It might seem senseless to mow our fields and paddocks. After all, it’s the famed Kentucky Bluegrass that feeds our horses and provides calcium for growing bones, but we mow from April through September each year. Why?
The grazing habits of horses are different from those of sheep and cattle. Horses graze pasture much shorter than cattle and will repeatedly graze the same area unlike sheep which graze a field evenly. Horses will not graze close to piles of their manure which allows areas of tall grass to develop; chain harrowing paddocks helps to alleviate this issue. Along with other pasture management techniques and low stocking rates, mowing helps us develop and maintain great grass for the following reasons:
- Not maintaining pasture keeps certain areas off limits to horses. The increased time spent grazing the same areas can cause over grazing, to a point where desirable plants may struggle to survive.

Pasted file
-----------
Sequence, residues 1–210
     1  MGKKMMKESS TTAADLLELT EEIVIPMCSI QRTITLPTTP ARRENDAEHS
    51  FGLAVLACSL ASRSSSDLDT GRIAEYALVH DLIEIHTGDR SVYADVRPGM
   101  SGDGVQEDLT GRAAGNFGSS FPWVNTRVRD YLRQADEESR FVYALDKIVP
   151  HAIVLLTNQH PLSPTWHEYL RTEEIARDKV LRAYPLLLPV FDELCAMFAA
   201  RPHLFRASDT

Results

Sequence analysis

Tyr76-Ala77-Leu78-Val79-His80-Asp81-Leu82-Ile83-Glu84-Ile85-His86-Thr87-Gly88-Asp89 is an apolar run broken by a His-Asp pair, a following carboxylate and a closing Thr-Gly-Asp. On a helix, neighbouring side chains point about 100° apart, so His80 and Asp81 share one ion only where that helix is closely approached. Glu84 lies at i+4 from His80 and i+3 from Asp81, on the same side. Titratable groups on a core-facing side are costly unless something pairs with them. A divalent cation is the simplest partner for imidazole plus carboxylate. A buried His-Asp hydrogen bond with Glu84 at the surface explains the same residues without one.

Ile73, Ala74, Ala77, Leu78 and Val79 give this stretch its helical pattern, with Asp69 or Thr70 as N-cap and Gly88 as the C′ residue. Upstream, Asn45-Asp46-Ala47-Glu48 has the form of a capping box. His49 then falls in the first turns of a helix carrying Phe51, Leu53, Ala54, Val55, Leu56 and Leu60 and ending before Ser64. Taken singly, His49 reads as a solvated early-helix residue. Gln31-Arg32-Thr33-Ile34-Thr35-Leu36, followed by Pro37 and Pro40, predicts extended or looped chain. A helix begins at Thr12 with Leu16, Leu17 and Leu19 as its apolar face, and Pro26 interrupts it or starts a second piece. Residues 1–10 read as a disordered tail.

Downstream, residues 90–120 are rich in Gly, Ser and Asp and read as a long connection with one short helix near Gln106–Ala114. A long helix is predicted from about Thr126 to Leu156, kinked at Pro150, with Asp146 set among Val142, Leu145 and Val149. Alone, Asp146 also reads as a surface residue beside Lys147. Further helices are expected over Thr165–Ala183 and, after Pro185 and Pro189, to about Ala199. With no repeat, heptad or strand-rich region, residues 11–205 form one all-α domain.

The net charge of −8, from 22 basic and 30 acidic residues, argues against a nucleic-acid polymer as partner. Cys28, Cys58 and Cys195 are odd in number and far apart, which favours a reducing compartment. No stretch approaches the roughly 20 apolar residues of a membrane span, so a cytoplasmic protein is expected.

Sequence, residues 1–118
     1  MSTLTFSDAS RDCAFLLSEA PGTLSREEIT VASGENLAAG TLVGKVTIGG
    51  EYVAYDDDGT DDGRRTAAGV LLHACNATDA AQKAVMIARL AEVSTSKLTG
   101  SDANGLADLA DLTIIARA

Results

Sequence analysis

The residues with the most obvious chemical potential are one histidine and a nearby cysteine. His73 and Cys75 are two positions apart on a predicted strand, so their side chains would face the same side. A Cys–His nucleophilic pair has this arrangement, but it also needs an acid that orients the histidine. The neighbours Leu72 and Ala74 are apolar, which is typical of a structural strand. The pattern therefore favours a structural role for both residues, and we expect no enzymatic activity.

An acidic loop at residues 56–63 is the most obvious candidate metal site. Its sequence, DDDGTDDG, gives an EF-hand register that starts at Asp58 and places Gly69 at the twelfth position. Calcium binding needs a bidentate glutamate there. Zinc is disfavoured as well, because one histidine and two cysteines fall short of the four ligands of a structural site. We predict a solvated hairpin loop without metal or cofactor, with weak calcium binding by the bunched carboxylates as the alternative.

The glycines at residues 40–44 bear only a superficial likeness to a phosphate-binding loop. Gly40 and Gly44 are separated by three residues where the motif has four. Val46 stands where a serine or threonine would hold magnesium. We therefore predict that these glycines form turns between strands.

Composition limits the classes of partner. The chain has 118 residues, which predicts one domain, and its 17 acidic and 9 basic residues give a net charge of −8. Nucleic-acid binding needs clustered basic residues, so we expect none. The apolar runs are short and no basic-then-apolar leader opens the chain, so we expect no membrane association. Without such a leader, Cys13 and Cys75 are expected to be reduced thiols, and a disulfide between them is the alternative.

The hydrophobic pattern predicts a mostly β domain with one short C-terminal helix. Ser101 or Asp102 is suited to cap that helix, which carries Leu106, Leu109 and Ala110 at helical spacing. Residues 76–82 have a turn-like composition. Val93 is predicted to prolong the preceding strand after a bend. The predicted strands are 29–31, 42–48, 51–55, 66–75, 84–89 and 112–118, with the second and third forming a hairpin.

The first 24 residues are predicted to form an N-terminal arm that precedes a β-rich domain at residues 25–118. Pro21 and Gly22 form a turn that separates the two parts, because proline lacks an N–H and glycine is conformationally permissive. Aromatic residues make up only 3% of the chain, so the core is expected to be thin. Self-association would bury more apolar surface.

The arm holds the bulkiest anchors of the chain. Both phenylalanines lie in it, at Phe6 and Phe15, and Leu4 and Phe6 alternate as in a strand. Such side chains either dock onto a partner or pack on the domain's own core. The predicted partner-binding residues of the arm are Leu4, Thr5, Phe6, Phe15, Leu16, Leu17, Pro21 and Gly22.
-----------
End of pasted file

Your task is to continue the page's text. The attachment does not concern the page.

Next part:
- Mowing evens out grass height. This promotes grass growth of all species, particularly during a period when the field is being rested, by allowing equal access to sunlight.
- Mowing encourages plants to produce more leaves and fewer stems. This develops thicker, more enduring ground coverage, which stands up better against horse hooves and is also more palatable.
- Mowing controls weed species. By preventing weeds from growing tall enough to seed we control them with their competitors, desirable grasses, and avoid using herbicides.
Rotational grazing has many of the same benefits as mowing due to the contrasting grazing habits of different species. We do not use this as part of our land management approach but if you would like to learn more about rotational grazing read this great article from The Horse: bit.ly/thehorsegrazing
Unlike ruminants such as cattle, horses should not eat cut grass in large amounts or silage. The fermentation process, which follows grass being cut, carries an increased risk of mold and bacterial toxins, which may cause colic.